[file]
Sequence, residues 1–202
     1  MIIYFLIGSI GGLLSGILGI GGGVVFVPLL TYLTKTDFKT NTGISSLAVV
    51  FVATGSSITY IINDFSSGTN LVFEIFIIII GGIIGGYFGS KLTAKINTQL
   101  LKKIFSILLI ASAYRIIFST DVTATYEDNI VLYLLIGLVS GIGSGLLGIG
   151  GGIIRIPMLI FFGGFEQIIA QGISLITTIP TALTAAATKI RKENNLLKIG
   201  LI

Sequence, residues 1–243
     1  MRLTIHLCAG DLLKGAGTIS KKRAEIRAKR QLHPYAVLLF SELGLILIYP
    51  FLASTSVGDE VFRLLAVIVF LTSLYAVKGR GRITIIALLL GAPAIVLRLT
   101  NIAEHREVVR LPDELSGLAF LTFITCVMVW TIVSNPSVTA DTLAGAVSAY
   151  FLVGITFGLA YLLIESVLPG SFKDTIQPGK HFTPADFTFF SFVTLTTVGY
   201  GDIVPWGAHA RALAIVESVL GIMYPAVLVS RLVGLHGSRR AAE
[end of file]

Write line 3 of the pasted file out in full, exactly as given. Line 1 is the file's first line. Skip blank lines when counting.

    51  FVATGSSITY IINDFSSGTN LVFEIFIIII GGIIGGYFGS KLTAKINTQL